How sex chromosomes “older than dinosaurs” could help improve crop yields.
The fire moss Ceratodon purpureus is a short plant with a complex genome. Now, high-quality reference genome sequences of the male and female plants, each representing a single set of chromosomes, are available. The genome assemblies highlight the multiple advances in sequencing technologies applied to the effort.
Found on all continents, including Antarctica where it is a major part of the flora, fire moss has adapted to conditions such as UV irradiation, heavy metal contamination, and drought. The moss genomes’ metabolic pathways could lead to the discovery of genes that could be used for multiple biotechnological applications. These applications include crop improvement insights that could benefit candidate biofuel crops.
On the TV show “Antiques Roadshow,” the guests are often both surprised and pleased to learn the value of their item. Part of that pleasure comes from finally having an answer to the question, “Why bother keeping this?”
For Stuart McDaniel’s lab at the University of Florida, an answer is in sight for a similar question. In a recent Scientific Advances article, a team led by McDaniel and his former graduate student Sarah Carey, now at the HudsonAlpha Institute for Biotechnology, reported that high quality genome references are now available for male and female plants of fire moss.
Most notably, the work revealed that the U and V sex chromosomes of fire moss comprise a full third of each moss genome, and are almost four times the size of the next largest chromosome. As the study first author Carey put it, these sex chromosomes first evolved when the Earth’s continents were still Pangea.
McDaniel’s lab continues to work on the enigma of why the ancient moss sex chromosomes continue to evolve so rapidly in gene content and structure. He and JGI Plant Program head Jeremy Schmutz already see how lessons from moss sex chromosomes can be applied to improve crop breeding. For example, Schmutz noted, specific genes of interest could be associated with a plant’s sex. One outcome could be superfemale plants that have increased fruit and seed yield. Conversely, some crops such as bioenergy sorghum may need sterile males; plant breeding experiments could be completed faster without extra crosses.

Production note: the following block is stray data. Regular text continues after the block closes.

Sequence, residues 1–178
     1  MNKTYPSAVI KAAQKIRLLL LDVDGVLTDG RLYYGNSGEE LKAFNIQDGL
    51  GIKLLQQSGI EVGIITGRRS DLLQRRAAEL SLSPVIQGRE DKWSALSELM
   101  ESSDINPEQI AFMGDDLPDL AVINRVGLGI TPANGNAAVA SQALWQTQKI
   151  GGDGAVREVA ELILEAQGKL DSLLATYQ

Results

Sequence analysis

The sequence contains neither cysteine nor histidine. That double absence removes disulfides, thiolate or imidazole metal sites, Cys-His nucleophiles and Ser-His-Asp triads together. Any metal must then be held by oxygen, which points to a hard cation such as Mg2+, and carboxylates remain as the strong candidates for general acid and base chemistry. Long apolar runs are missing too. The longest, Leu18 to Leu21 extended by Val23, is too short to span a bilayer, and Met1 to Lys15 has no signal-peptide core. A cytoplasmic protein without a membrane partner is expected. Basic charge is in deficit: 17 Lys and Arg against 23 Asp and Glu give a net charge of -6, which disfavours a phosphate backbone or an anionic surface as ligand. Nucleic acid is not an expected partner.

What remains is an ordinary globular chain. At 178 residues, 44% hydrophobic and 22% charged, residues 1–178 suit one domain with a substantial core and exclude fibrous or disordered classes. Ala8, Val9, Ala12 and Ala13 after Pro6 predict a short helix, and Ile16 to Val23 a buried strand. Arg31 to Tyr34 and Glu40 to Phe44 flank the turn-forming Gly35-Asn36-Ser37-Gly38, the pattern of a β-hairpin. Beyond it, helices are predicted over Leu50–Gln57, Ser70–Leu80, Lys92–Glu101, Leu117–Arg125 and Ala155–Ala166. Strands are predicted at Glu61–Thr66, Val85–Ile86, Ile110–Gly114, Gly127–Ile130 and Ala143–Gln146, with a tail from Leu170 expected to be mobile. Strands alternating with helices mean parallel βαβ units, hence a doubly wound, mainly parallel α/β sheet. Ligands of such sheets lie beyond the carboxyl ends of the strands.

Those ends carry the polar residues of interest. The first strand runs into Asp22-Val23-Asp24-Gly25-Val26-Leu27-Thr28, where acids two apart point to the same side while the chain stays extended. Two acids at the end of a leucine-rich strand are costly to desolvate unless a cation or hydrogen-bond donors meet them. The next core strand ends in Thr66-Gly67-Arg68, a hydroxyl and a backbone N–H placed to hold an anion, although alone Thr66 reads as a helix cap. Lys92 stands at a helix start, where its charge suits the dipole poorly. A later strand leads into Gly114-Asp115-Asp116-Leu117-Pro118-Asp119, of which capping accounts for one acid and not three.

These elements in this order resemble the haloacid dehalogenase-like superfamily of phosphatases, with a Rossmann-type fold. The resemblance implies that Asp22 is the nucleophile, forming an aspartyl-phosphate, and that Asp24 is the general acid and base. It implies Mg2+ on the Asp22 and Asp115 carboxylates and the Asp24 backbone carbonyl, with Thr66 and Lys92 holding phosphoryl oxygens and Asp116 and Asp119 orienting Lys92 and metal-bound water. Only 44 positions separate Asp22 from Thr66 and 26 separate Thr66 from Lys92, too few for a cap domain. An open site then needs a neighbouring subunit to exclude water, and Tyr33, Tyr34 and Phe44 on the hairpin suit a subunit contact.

The work wraps more than a decade of working with researchers at the U.S. Department of Energy (DOE) Joint Genome Institute (JGI), a DOE Office of Science User Facility located at Lawrence Berkeley National Laboratory (Berkeley Lab), and at HudsonAlpha. As the team discussed in a JGI podcast episode about the work, the effort to fully sequence the fire moss genomes ran the gamut of sequencing technologies, from making a bacterial artificial chromosome library to long-read sequencing.
On “Antiques Roadshow,” an item’s appraisal often ends with the owner saying, “We’re not going to sell it, of course.” McDaniel’s lab predicts the decoded complex plant genomes will lead his team to a similar sense of satisfaction.
Ramana Madupu, Ph.D.
Biological Systems Sciences Division
Office of Biological and Environmental Research
Office of Science
US Department of Energy
University of Florida
This work was supported by NSF DEB-1541005 and start-up funds from UF to S.F.M.; microMORPH Cross-Disciplinary Training Grant, Sigma-Xi Grant-In-Aid of Research, and Society for the Study of Evolution Rosemary Grant Award to S.B.C.; NSF DEB-1239992 to N.J.W.; the Emil Aaltonen Foundation and the University of Turku to S.O.; and NSF DEB1541506 to J.G.B. and S.F.M. The work conducted by the U.S. Department of Energy Joint Genome Institute was supported by the Office of Science of the U.S. Department of Energy under contract no. DE-AC02-05CH11231.
- Carey SB et al. Gene-rich UV sex chromosomes harbor conserved regulators of sexual development. Science. 2021 Jun 30. 7(27):eabh2488. doi: 10.1126/sciadv.abh2488
- JGI Genome Insider podcast: The Big Deal About Short Plants
- University of Florida story: “This Moss’s Huge 300 Million Year Old Sex Chromosomes Offer Clues About Our Own”
- HudsonAlpha story: “Researchers sequenced plant chromosomes that are older than the dinosaurs”
- Ceratodon purpureus genome sequence on the JGI plant data portal Phytozome
Byline: Massie S. Ballon